Ensuring that the results of the justice system reform take root

In the 21st century, the role played by the justice system is expected to gain more weight due to various social changes, including changes from the current “advance control and regulation” society to a “post review and remedy” society. Therefore, it is now time to reinforce the functions of the legal services and to establish a new legal system which is readily accessible to the general public.

From this perspective, the Act for Establishment of the Justice System Reform Council was enacted, and the Justice System Reform Council (JSRC) was established in the Cabinet according to that Act in July 1999. The JSRC finished its two-year examination and deliberations in June 2001, and submitted the Recommendations of the JSRC to the Cabinet in which the JSRC suggested that the following issues should be the three pillars of justice system reform: “construction of a justice system that meets the needs of the people”; “reform of the judicial community to support the justice system”; and “establishment of a popular base (participation of the general public in the justice system)”.

The Justice System Reform Promotion Act was enacted in response to the Recommendations and, based on the Act, the Office for Promotion of Justice System Reform (OPJSR) was established within the Cabinet in December 2001 for the purpose of promoting justice system reform in a comprehensive and intensive manner in accordance with the Recommendations. The OPJSR is composed of the Prime Minister (president) and the other Cabinet members. Based on the Plan for Promotion of Justice System Reform which was approved by the Cabinet in March 2002, the OPJSR took the leading part in the project for justice system reform for three years, when many acts were amended and new acts were enacted.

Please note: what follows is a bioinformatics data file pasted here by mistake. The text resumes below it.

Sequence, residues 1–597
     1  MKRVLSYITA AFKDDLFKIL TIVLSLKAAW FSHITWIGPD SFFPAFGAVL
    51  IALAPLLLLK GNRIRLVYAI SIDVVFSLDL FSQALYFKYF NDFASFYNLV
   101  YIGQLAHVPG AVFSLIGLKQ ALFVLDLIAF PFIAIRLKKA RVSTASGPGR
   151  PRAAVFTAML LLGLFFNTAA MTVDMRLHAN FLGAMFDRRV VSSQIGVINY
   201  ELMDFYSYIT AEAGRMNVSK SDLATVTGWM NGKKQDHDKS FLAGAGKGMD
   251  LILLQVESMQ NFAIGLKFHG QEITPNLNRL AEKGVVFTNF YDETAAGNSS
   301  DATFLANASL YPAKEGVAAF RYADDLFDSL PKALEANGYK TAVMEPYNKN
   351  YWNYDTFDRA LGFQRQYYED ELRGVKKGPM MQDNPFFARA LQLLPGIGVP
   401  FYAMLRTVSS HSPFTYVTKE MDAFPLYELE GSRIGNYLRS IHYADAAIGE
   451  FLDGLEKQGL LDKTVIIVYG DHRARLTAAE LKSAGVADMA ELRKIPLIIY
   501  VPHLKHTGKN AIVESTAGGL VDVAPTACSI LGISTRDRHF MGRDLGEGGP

In 2002, relevant acts relating to reform of the legal training system, which included introduction of a graduate law school system and other matters, were enacted. Moreover, a number of acts for civil justice reform were also enacted during the 156th Diet Session (2003 Ordinary Diet Session). Among them were the Act for Expediting Court Procedure that coordinated the institutional base, aiming to adjudicate cases at the first instance within two years by improving and accelerating court proceedings, the Act for Partial Amendment to the Court Organization Act et al. for Justice System Reform which included expansion of the subject matter jurisdiction of the summary courts, the Act for Partial Amendment to the Code of Civil Procedure et al. designed to promote planned proceedings and to establish an expert commissioner system, and the Arbitration Act.